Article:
Han Kang’s Human Acts is a pain in the ass to read. There is a reason why stories are usually told in the first or third person. Imagine reading a book written entirely in the second person. Many times I was lost in the mire, wondering whose voice I am reading and who it is addressing through the ubiquitous “you”. There were times I thought I was reading something in the first person but the narrator is addressing himself/herself in the third person. Did I mention that one of the voices is a ghost? But there is a reason why this is painful to read.
18 May 1980 is an bloody red blob in Korean history. Prior before reading this book I was totally oblivious about the bloody massacre. Hundreds of people were gunned down, beaten, bayoneted by soldiers when they went to the streets to protest the harsh military rule. The episode is known as the Gwangju Uprising. Han Kang was 9 years old when it happened and thankfully she and her family had just left Gwangju when it happened. The family who bought their house wasn’t so lucky. Their son, 15-year-old Dong-ho, was slaughtered in the massive strike. Dong-ho serves as the catalyst of Han Kang’s book of human atrocities, as she examines the dark days with penetrating accuracy and emotional heft. Every chapter is told from the point of view of a person whose life intersects with Dong-ho’s and it constantly addresses a “you”. Sometimes “you” is the dead, at times it refers to the people before and after the massacre, and many a time “you” is you, the reader. It is a clinical plot device as Kang through a cold but yet heartfelt clarity disassociates us from the violent proceedings, allowing her to unpack all the social and political reasons behind the uprising and the gut-wrenching aftermath. For me, the chapter of Dong-ho looking at his own blood-leached body and narrating his thoughts and emotions is the most forceful. The book ends with Han Kang’s own connection to the Gwangju Uprising and it tells of the rippling and crippling power of the incident and how the world can never go back to the times before the massacre.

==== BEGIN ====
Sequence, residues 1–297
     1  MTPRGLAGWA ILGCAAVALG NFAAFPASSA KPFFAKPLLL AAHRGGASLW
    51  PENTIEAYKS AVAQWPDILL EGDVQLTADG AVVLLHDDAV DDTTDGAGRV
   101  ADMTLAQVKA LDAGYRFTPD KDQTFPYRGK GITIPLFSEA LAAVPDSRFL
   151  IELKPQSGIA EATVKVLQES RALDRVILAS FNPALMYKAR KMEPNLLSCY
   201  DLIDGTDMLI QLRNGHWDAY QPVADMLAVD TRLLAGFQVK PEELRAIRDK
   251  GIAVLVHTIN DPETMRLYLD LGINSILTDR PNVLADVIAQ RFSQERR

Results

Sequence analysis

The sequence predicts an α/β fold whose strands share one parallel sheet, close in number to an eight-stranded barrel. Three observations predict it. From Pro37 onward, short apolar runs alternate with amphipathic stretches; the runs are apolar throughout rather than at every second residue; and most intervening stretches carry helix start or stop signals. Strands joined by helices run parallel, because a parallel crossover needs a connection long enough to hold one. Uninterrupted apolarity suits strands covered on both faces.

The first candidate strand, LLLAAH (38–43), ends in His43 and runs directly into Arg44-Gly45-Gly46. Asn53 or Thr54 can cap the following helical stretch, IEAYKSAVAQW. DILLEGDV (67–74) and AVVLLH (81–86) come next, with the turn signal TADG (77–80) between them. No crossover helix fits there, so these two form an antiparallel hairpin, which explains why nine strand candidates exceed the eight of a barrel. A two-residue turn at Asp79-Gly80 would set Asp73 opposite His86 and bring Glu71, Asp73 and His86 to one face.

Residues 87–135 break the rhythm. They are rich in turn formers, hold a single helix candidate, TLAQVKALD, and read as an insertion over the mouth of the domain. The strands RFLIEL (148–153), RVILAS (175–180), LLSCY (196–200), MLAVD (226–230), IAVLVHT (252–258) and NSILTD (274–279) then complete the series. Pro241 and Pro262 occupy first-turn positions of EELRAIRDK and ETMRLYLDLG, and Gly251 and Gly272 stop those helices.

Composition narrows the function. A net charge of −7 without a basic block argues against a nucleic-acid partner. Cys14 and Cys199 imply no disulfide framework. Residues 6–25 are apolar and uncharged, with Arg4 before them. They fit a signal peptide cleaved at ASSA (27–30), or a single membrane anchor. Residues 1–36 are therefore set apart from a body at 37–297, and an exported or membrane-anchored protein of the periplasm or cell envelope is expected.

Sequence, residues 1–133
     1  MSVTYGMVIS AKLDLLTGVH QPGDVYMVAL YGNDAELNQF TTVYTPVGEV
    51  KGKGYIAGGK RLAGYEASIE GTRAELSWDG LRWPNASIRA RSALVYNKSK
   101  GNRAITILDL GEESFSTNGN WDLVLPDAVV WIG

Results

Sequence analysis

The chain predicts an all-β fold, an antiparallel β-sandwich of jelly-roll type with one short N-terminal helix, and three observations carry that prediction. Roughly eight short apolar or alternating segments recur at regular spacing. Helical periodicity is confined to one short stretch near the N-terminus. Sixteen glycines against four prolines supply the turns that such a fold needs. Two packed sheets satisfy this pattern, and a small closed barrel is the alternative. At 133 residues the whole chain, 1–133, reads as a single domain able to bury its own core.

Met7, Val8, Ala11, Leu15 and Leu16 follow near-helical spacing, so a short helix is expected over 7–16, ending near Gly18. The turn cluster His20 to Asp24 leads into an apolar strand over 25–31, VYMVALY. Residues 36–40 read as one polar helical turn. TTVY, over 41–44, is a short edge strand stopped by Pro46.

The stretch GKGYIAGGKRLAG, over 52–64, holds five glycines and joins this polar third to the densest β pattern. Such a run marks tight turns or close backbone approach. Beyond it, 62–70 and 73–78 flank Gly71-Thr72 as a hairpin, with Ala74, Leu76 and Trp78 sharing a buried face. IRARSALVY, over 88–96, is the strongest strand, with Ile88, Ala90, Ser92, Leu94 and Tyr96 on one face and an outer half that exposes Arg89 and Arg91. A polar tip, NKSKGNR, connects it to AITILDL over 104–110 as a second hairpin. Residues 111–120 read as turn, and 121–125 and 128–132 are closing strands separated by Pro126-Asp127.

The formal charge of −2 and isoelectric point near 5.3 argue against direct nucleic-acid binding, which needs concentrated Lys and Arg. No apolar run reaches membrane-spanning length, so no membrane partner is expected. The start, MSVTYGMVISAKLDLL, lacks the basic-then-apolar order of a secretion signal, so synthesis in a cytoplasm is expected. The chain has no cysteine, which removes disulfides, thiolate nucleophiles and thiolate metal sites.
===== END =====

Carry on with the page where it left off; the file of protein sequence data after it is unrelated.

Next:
This is not an easy read but it is a rewarding one. What is wrong with humanity? Where does one go from here? Han Kang never prescribes a way but I feel remembering and never forgetting this great failure in humanity is a small step forward.